In 1980 he was recruited by the Archbishop of Canterbury and moved to Lambeth Palace, London where he joined the Archbishop’s Private Staff. In his capacity as Advisor to the Archbishop he again travelled extensively throughout the world and had a responsibility for the Archbishop’s diplomatic and ecclesiastical exchanges. He arranged and travelled with the Archbishop on the first ever visit of an Archbishop of Canterbury to China and has responsibility for travels to Australia, New Zealand, Burma, USA, Canada, The Caribbean, South Africa, East and West Africa to name but a few places.
In the early 1980s he successfully negotiated the release of several hostages from Iran and this event brought him to public attention. In 1983 he negotiated with Colonel Ghadafi for the release of British hostages held in Libya and again was successful. In January 1987 while negotiating for the release of Western hostages in Lebanon he himself was taken captive and remained in captivity for 1,763 days, the first four years of which were spent in total solitary confinement.
Following his release on 19th November 1991 he was elected a Fellow Commoner at Trinity Hall Cambridge England where he wrote his first book Taken on Trust. This quickly became an international best-seller and headed the lists in the UK and elsewhere. Following his experience as a captive he decided to make a career change and determined to give himself to study, writing, lecturing and humanitarian activities. His second book Footfalls in Memory was published in the UK in 1995 and again was a best-seller. His latest book published in October 2000 Travels with a Primate is a humorous account of his journeys with Archbishop Runcie. He has contributed articles to many journals and periodicals ranging from the Reader’s Digest to the Kipling Journal and has also contributed articles and forewords to many books. He was elected Visiting Fellow to Magdalen College Oxford for the Trinity term 2006.
Since his release he has been in constant demand as a lecturer, writer and broadcaster and has appeared in North and South America, Australia and New Zealand, South Africa and throughout Europe. There has been a particular interest in the lectures he has delivered relating his experiences as a negotiator and as a hostage to the pressures faced by executives and managers. Stress, loneliness and negotiating under acute pressure are but some of the issues with which he has a unique experiences and his ability to communicate clearly and with good humour has meant that he is in constant demand as a speaker not only to the Business Community but also to professionals in social work, education and medical field as well as to religious groups. He maintains an on-going interest in current humanitarian and political affairs.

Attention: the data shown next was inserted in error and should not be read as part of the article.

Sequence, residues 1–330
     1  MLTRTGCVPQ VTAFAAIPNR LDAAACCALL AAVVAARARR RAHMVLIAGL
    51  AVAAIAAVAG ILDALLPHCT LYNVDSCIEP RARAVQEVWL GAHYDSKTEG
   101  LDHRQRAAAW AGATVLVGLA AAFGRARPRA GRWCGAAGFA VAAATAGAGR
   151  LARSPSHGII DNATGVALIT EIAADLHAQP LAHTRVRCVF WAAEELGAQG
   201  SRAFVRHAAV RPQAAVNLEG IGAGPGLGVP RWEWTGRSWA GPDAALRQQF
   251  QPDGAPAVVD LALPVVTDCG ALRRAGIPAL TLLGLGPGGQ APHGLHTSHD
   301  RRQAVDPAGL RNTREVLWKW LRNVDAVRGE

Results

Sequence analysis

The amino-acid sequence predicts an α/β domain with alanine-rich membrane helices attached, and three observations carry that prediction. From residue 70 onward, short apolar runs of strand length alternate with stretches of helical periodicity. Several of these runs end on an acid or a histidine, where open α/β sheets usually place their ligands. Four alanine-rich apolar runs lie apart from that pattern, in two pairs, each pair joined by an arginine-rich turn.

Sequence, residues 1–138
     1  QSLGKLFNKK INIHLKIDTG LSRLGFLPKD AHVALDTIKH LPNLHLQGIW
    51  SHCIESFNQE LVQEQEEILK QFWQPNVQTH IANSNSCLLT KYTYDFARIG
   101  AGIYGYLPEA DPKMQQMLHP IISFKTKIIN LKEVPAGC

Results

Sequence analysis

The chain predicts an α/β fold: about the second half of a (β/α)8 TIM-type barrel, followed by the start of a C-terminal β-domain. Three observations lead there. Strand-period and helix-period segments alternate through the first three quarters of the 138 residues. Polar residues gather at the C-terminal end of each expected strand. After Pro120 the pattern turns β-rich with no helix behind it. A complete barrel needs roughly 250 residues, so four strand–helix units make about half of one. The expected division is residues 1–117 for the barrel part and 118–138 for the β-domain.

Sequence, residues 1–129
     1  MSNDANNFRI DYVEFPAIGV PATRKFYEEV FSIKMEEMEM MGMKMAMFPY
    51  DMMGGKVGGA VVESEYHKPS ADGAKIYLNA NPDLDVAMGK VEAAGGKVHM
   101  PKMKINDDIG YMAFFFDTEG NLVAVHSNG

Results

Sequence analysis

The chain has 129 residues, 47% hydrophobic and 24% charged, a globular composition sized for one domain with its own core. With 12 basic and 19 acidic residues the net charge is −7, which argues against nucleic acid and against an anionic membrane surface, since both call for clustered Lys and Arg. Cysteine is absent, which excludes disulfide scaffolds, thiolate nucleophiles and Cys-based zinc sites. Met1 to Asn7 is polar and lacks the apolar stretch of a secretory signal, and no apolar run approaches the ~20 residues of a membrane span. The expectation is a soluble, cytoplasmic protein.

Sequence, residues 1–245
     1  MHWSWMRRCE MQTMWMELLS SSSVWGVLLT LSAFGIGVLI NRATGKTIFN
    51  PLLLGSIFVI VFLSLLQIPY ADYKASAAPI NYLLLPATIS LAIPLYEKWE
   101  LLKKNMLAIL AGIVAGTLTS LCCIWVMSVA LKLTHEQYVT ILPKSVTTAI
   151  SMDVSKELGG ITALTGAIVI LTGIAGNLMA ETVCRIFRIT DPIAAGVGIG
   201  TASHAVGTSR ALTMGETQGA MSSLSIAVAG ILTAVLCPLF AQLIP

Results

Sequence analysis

Some of the awards he has received include:
Member of the Order of the British Empire (MBE) 1982
Commander of the Order of the British Empire (CBE) 1992
Templeton UK Award 1985
Honoured with the Four Freedoms Award for Freedom of Worship in May 1992 by the Roosevelt Institute during a ceremony in Middelburg, the Netherlands, for his bravery and unwavering fidelity to God's command that showed the world again how a single individual, sustained by faith, can transform disaster into an opportunity to advance the work of the Lord
Doctor of Civil Law University of Kent at Canterbury, 1986
Doctor of Civil Law University of the City of London, 1992
Doctor of Law University of Durham, 1992
Doctor of Law Liverpool University, 1992
Doctor of Civil Law University of Sussex, 1992
DHC, Yale Divinity School, 1992
Hon LHD Wittenberg University, 1992
Doctor of Humane Letters, University of Southern Florida, 1992
Doctor of Humane Letters, Virginia Commonwealth University, 1996
Honorary Doctor of Philosophy, Anglia Polytechnic University, 2001 (renamed Anglia Ruskin University 2005)
Honorary Doctor of Letters, Nottingham Trent University 2001
Honorary Doctor of Letters, De Montfort University 2005
Honorary Doctor of Law, Robert Gordon University, Aberdeen, 2007
Honorary Doctor of Letters, Chester University 2008
Honorary Doctor of the Open University 2009
Freedom of Canterbury 1992; Lewisham 1992